Enhanced anthocyanin accumulation confers increased growth performance in plants under low nitrate and high salt stress conditions owing to active modulation of nitrate metabolism

Hai An Truong, Won Je Lee, Chan Young Jeong, Cao Sơn Trịnh, Seokjin Lee, Chon Sik Kang, Young Keun Cheong, Suk Whan Hong, Hojoung Lee

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Plants require nitrogen (N) for growth and development. However, they are frequently exposed to conditions of nitrogen deficiency. In addition, anthocyanin accumulation is induced under salt stress and nitrate deficiency. To date, most studies have revealed that nitrate deficiency under high sucrose levels induce high levels of anthocyanin accumulation in plants. However, the underlying mechanisms remain unclear. Under nitrate-starved conditions, plant growth rapidly worsens and cells eventually die. In addition, plants are severely affected by salt exposure. Therefore, in this study, we determined whether increased levels of anthocyanin could improve plant growth under salt stress and nitrate-starved conditions. We used PAP1-D/fls1ko and ttg1 plants which have a perturbed anthocyanin biosynthesis pathway to explore the role of anthocyanin in plant adaptation to nitrate-deficient conditions and salt stress. Our results demonstrate that high anthocyanin accumulation in PAP1-D/fls1ko plants confers enhanced tolerance to nitrate-deficient conditions combined with high salinity. PAP1-D/fls1ko plants appeared to use absorbed nitrate efficiently during the nitrate reduction process. In addition, nitrate-related genes such as NRT1.1, NiA1 and NiA2 were upregulated in the PAP1-D/fls1ko plants. On the basis of these findings, it can be concluded that high anthocyanin accumulation helps plants to cope with salt stress under nitrate-deficient conditions via the effective utilization of nitrate metabolism.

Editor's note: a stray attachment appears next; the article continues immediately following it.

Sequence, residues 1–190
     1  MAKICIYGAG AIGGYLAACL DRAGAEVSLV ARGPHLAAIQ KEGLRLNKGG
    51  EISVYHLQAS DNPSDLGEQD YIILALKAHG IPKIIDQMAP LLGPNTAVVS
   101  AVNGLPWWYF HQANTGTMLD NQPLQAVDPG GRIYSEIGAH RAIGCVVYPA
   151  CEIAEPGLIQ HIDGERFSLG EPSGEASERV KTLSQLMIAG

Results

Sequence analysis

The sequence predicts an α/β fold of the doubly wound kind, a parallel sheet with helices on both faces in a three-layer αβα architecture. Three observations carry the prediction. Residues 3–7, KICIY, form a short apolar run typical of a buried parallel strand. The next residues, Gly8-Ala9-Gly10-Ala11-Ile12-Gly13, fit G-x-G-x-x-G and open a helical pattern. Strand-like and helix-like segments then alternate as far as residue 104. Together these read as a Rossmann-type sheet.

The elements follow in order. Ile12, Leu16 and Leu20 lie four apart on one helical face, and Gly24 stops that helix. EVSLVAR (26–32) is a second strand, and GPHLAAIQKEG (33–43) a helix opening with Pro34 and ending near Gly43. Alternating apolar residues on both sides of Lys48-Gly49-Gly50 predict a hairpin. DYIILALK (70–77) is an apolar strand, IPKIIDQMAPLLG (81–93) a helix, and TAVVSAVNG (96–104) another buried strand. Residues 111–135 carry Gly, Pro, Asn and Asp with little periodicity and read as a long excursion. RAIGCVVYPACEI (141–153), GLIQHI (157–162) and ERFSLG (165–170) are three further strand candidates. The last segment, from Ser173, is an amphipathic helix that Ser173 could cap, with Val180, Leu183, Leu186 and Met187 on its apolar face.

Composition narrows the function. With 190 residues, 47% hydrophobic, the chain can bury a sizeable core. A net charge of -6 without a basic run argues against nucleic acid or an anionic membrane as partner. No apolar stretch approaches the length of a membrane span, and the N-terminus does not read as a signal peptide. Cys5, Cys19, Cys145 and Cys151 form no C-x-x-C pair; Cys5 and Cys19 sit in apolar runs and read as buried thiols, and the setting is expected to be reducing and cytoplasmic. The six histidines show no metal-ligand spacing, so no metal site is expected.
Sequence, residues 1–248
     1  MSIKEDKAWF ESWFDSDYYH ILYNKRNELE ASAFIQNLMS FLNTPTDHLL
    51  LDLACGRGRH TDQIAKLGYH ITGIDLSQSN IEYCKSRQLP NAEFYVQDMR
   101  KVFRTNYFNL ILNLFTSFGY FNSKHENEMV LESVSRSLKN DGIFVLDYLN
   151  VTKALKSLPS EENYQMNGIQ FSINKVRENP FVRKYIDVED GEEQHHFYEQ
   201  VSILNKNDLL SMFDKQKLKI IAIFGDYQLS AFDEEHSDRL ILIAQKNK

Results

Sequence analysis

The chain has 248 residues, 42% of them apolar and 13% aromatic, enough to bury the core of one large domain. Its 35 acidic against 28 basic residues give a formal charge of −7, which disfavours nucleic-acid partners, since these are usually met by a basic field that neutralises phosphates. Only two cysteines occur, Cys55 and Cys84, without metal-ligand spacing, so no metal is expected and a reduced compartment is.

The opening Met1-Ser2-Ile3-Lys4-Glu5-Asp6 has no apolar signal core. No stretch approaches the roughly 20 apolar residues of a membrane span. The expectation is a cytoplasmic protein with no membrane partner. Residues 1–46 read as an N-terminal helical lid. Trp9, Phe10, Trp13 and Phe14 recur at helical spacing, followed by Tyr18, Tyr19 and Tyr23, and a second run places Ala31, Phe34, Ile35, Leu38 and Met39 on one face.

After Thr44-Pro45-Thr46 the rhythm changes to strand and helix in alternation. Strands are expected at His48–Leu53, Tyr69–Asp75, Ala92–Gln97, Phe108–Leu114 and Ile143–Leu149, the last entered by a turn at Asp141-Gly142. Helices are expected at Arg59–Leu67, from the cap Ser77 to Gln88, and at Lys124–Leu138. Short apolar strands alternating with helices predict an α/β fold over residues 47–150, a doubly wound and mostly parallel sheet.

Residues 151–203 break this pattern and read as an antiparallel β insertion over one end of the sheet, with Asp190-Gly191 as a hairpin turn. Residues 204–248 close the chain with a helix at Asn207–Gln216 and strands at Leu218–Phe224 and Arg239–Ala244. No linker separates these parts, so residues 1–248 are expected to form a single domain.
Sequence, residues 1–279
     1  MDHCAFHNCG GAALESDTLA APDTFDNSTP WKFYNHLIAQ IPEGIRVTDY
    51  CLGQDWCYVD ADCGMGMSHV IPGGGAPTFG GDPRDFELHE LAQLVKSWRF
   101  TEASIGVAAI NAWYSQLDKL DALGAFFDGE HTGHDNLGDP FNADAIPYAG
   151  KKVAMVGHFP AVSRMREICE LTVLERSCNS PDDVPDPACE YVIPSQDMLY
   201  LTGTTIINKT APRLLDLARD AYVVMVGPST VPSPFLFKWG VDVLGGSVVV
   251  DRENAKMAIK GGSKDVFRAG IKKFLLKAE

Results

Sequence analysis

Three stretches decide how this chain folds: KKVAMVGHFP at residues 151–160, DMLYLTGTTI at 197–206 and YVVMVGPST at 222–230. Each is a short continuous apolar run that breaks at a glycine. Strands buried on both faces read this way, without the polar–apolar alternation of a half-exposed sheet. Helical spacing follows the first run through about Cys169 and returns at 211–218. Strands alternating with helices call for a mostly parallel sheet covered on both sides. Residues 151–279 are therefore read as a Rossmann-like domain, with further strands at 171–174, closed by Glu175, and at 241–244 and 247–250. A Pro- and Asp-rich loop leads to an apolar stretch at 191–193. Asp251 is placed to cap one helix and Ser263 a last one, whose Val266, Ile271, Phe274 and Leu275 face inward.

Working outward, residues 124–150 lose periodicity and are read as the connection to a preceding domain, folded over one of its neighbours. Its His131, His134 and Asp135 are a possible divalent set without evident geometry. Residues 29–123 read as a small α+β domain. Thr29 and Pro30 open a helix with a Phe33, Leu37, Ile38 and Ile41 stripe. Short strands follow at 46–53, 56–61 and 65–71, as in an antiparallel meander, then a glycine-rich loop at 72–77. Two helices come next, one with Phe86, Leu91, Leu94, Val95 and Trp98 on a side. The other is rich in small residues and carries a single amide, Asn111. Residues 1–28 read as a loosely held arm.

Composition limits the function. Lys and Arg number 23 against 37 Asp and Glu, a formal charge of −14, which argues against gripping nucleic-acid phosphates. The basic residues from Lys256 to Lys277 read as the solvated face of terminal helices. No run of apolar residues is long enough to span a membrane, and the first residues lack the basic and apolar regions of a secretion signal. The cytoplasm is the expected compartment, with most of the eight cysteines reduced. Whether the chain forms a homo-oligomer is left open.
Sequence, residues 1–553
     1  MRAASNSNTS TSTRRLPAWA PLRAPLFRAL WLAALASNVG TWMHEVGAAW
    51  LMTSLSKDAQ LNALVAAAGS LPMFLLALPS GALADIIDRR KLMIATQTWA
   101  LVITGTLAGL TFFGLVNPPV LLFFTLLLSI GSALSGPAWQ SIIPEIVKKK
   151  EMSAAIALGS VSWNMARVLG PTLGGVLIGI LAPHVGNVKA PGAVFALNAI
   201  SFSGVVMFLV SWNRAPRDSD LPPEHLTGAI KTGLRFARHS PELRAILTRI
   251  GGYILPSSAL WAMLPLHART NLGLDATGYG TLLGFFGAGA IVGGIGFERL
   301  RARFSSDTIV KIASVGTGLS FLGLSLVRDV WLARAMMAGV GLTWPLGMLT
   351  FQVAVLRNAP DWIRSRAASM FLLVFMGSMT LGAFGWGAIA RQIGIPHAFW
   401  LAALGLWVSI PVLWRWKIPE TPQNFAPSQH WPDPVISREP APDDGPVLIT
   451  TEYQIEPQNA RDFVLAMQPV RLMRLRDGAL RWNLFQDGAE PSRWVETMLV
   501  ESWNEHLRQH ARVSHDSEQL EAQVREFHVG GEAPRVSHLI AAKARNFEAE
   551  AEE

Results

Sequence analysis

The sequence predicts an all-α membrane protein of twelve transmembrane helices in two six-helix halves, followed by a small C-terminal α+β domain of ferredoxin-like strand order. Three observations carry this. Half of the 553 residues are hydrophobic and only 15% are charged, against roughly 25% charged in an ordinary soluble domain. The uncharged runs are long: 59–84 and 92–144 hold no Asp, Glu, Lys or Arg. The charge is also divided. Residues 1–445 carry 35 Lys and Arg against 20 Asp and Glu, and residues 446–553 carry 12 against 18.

Original languageEnglish
Pages (from-to)41-48
Number of pages8
JournalJournal of Plant Physiology
Publication statusPublished - 2018 Dec 1



  • Anthocyanin
  • Low nitrogen
  • PAP1-D/fls1ko
  • Salinity
  • ttg1

ASJC Scopus subject areas

  • Physiology
  • Agronomy and Crop Science
  • Plant Science

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